Saturday, May 22, 2004
Posted 12:33 PM
Kabul Street Photographers Redefine Power Users
Yesterday's Los Angeles Times contained a fascinating article, written by Associated Press writer Matthew Pennington, about street photographers in Kabul, Afganistan. They use hand-built cameras that evoke those of the mid 1800s: no shutters and built-in developing trays for on-the-sidewalk processing.
What moved me the most in this article was the skill of the photographers:
[Najibullah] exposes the film for about one second on a sunny day, about seven seconds with a wide aperture if it's dull and cloudy.
That done, his right arm again burrows into the camera like a ventriloquist wielding a dummy, and with one eye pinned to a tiny peephole, processes the photo paper in two mini trays of chemicals inside.
"How long I put the paper in the developer depends on the weather," says Najibullah, who like many Afghans has just one name.
If it's hot, the chemicals work fast, so it might be just a second or two. On a wintry afternoon, it takes about 40 seconds before a negative image is revealed.
This man and his colleagues understand photography on an innate level that few of us pixel poodles ever will. And he works around his technical limitations in ways we can't even imagine: to obtain a final positive print, he photographs the negative he shot and repeats the developing process.
Here are two links to the article. Read it and appreciate everything you have.
Los Angeles Times (free registration required).
Printer-friendly version from Pakistan's PakTribune (no registration required).
Friday, May 21, 2004
Posted 9:43 AM
EZCube: A Portable Photo Studio
On Wednesday, I had the pleasure of being the final guest on TechTV's Call for Help program. After six years, Call for Help is leaving the airwaves, a victim of TechTV's recent purchase by cable titan Comcast. I had been a regular on the show, along with Toby Malina, with whom I wrote Sell it On eBay: TechTV's Guide to Successful Online Auctions. (Selling on eBay is how I satisfy my addiction to digital cameras.)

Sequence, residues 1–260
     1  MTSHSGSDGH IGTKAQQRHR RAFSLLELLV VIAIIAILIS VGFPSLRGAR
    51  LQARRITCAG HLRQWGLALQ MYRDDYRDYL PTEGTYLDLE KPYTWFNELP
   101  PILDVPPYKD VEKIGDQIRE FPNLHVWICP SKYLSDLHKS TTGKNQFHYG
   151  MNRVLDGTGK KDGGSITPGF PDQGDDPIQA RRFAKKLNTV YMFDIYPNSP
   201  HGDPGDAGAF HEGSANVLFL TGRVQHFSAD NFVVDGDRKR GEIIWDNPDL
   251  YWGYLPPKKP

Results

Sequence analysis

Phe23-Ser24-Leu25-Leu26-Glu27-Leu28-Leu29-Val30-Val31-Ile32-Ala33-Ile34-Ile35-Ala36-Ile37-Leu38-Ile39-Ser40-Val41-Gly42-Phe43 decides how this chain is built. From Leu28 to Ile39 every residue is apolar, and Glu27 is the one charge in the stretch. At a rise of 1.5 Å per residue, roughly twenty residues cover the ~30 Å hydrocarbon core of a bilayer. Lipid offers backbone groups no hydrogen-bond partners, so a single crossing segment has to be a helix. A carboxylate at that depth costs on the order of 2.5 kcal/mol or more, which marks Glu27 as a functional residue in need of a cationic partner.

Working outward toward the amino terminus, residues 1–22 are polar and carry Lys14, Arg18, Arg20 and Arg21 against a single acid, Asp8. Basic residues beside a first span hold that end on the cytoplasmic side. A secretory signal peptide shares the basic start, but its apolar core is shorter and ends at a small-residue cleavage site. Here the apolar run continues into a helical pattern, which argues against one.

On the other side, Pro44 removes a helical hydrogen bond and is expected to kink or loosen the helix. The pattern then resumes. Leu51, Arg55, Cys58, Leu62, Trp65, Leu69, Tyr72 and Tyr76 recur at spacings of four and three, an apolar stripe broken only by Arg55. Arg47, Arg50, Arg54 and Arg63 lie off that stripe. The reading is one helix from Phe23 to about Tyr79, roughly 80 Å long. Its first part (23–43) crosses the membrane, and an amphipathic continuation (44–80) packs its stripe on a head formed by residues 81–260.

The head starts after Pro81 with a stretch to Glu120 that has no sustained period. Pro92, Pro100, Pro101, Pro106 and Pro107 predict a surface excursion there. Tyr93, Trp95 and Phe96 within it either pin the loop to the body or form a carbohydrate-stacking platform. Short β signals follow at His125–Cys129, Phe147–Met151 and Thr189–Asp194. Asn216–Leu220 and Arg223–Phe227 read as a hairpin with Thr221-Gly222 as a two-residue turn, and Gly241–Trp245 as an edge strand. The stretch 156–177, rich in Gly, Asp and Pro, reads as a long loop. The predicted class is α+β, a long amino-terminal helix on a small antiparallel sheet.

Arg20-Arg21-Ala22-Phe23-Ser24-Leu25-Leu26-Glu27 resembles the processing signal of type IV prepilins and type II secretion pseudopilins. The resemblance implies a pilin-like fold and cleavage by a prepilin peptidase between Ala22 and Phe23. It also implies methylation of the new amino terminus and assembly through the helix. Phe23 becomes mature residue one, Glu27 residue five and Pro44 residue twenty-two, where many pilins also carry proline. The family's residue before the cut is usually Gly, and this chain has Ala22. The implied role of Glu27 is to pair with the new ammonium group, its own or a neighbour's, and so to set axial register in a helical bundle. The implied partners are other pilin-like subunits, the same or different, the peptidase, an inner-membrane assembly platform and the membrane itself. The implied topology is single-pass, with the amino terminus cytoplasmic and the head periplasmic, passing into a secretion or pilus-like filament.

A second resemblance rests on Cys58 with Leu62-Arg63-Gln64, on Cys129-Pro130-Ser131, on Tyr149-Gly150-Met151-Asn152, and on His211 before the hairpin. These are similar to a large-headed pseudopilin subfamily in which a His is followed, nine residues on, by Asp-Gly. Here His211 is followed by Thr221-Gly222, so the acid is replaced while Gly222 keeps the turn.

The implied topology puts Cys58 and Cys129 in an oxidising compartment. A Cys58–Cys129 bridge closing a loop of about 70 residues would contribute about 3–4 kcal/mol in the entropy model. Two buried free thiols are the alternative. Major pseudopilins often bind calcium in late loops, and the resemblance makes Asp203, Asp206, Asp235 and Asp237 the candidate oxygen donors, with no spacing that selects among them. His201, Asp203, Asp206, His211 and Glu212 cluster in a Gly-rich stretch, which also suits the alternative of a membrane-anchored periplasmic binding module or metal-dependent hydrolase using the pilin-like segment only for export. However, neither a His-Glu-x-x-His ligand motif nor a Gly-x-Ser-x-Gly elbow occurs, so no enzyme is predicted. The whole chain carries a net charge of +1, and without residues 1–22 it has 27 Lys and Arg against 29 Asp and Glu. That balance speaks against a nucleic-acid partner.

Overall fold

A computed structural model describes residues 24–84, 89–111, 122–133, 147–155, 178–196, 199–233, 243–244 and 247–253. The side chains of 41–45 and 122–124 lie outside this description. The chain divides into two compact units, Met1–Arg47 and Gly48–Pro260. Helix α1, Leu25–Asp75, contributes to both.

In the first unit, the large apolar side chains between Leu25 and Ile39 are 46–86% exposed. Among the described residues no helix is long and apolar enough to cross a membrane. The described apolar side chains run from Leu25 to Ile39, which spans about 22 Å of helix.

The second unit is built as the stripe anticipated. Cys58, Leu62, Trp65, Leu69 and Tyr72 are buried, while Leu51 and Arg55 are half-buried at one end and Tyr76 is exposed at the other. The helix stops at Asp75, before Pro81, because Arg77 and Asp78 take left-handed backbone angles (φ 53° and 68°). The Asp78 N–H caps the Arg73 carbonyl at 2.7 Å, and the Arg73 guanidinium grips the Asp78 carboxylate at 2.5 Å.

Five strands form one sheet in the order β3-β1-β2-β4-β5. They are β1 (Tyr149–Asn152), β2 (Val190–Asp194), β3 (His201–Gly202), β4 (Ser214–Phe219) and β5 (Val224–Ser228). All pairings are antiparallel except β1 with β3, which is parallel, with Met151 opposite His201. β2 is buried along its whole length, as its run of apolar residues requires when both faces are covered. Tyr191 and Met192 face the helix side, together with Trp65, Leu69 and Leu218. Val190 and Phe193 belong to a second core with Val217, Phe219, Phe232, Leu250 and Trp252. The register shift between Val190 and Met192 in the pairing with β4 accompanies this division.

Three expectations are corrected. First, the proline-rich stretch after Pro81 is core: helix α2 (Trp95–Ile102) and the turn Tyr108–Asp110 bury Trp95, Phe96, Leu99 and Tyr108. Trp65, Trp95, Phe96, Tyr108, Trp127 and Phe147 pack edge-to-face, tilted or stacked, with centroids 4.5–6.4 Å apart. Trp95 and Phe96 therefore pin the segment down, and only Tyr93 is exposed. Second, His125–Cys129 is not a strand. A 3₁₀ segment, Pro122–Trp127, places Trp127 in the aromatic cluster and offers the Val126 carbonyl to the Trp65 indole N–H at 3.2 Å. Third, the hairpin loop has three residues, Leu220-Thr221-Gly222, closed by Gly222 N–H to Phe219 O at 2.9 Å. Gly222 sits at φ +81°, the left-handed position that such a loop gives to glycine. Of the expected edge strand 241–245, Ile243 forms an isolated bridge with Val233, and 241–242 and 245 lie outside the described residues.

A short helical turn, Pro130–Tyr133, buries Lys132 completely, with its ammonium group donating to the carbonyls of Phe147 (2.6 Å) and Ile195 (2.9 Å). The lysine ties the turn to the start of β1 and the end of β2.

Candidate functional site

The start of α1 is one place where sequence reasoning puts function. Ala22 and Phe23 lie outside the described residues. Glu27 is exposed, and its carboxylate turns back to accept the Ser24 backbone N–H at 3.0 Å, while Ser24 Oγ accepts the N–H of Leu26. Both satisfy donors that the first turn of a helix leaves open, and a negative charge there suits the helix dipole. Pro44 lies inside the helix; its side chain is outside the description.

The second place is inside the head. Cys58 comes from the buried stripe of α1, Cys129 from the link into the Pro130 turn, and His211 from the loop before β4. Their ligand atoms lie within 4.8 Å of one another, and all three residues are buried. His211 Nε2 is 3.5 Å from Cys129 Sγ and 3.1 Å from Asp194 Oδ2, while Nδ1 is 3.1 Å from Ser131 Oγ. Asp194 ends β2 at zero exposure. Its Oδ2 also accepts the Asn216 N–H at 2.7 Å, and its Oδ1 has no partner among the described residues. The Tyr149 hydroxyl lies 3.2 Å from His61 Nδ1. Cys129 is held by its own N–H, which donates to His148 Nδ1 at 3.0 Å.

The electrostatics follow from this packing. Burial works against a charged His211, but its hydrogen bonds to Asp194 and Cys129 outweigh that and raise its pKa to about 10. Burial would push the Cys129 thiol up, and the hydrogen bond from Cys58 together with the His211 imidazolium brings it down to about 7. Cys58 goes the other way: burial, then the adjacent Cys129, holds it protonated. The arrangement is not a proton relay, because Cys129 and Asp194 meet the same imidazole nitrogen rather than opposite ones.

The final episode of Call for Help airs today at 6:00 pm Eastern time, and my segment deals with a subject that eBay and iLife users alike should be interested in: tips for better photography.
In my segment, I demonstrate one of the coolest photographic accessories I've encountered in my 30 years as an amateur photographer: the EZCube, a portable light tent that creates beautiful, diffused light -- perfect for photographing items for eBay and for just about anything else.
An EZCube is a wire-framed cube made of white translucent fabric. The cube arrives folded into a tiny zippered pouch. Remove the cube, and its wire frame snaps open. Place the cube under lights or just take it outside on a sunny day.
Next, place the item you want to photograph inside the cube. Just like that, it's bathed in soft, diffused light -- no ugly glare, no harsh reflections.
The EZCube includes a white "sweep" that lets you create a seamless background behind your object. I found that the bright white sweep often caused my camera to underexpose the subject itself; I often get better results with a sheet of colored paper.
If you're photographing a highly reflective item, such as a stainless steel teapot, you can attach a fabric "door" to the front of the EZCube. The door contains a small slit into which you poke your camera's lens. The result: your reflection doesn't appear in the final photo. (Sorry, reflectoporn fans.)